We live in interesting times socially, economically, and technologically. It is pretty clear that “best effort” just isn’t good enough anymore as the drive for efficiency shifts into ever higher gears. In IT we have seen some fantastic examples of this transformation unfold in the last couple of years.
Let’s look at the mundane example of a computer power supply. For decades the computer industry loafed along using power supplies with efficiency ratings in the range of 70%. Good enough? Not good enough for the folks at Open Compute Project who rethought the problem and drove efficiency up to 94.5%.
It should be no surprise that 20 year old routing technologies are showing their age. Google revealed that Software Defined Networking, merchant silicon, and great traffic engineering can be combined to replace BGP routing and push WAN utilization well beyond 90%. Best effort need not apply.
When thinking about IT processes today we usually end up in a manually driven trouble ticketing system that takes days or weeks to resolve – nowhere near 90% efficiency. Need to spin up a new development server? File a ticket and wait. Need a new secured collaboration space for your working group? File a ticket and wait. The best effort model of waiting on IT simply won’t last in the era of BYOIT.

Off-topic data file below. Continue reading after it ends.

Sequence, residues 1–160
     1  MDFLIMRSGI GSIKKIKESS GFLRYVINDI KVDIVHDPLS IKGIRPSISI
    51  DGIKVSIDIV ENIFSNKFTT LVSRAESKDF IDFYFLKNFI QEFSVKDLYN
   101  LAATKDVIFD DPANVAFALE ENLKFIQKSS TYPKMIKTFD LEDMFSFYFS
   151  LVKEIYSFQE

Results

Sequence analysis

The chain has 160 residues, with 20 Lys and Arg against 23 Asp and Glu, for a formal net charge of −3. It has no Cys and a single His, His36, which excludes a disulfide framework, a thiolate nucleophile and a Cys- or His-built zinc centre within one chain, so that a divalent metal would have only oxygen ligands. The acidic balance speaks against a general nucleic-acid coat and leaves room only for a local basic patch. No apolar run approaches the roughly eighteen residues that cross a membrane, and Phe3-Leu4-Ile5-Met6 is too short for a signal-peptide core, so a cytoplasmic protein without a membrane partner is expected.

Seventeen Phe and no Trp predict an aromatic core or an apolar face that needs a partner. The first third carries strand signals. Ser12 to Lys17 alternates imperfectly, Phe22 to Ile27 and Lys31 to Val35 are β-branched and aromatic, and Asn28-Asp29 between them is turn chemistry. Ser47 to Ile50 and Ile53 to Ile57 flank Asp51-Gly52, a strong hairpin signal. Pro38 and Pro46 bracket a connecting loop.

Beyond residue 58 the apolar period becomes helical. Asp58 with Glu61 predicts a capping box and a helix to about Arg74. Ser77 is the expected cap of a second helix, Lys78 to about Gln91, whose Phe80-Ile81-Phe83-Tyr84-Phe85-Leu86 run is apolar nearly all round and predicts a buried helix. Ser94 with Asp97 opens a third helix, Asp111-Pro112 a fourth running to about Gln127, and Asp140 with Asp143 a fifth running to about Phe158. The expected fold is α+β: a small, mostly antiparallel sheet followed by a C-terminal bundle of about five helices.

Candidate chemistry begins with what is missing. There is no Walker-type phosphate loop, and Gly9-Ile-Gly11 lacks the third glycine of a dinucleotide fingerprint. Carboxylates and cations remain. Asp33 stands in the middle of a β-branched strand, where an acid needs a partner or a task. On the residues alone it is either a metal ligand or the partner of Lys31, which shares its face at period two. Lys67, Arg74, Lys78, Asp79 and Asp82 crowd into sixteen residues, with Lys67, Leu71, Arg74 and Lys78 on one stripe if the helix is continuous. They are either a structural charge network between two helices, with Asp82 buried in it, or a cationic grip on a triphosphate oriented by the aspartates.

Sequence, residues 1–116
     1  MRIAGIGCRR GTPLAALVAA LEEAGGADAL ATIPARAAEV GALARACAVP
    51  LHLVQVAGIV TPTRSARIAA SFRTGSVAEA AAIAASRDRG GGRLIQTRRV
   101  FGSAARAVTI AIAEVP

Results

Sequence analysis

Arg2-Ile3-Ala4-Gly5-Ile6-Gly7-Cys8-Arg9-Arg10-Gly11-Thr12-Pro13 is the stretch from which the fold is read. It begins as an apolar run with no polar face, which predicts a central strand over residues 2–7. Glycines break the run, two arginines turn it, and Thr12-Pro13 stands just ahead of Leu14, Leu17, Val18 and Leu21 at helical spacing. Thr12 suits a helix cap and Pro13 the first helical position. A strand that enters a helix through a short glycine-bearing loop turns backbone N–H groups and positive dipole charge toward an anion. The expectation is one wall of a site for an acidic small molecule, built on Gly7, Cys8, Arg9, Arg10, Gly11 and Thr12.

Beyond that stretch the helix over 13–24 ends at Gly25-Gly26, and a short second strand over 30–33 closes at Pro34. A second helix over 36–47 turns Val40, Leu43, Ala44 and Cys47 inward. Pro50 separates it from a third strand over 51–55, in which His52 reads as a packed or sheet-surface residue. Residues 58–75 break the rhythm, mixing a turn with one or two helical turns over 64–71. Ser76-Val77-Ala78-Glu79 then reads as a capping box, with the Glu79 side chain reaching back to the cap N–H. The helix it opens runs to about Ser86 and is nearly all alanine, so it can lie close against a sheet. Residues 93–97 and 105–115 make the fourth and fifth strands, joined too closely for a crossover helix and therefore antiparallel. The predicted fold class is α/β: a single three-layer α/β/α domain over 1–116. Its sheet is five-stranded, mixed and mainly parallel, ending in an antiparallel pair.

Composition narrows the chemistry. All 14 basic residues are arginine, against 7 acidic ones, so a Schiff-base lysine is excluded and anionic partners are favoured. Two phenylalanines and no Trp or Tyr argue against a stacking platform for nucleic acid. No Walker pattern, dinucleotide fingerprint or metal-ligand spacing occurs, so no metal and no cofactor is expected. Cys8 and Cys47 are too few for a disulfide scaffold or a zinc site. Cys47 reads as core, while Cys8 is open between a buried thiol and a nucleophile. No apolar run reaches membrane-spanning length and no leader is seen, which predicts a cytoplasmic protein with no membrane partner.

VMware redefined server provisioning velocity with vSphere by reducing deployment times from days to minutes. We are now taking that same approach to address storage, networking, security, availability, and applications in order to create the Software Defined Data Center (SDDC). In the SDDC enterprise users get IT on demand, without IT intervention. SDDC enables enterprise IT departments to offer services that users need while delivering better economics, velocity, and security than can be achieved with legacy architectures.
On this journey it is important that IT leaders identify and remove the barriers to achieving 99% efficiency. Is it VLAN stitching? Storage provisioning? Firewall configuration? Workload placement? Application installation? Any IT activity that is associated with “operations” or “process” is a candidate for automation in the SDDC. Legacy technologies will need to be retired and replaced with those that are able to meet the service velocity required by enterprise users.
Pushing the enterprise data center to 99% requires new thinking and a different approach to solving old problems. Best effort appliances, command line interfaces, and trouble ticket queues need not apply.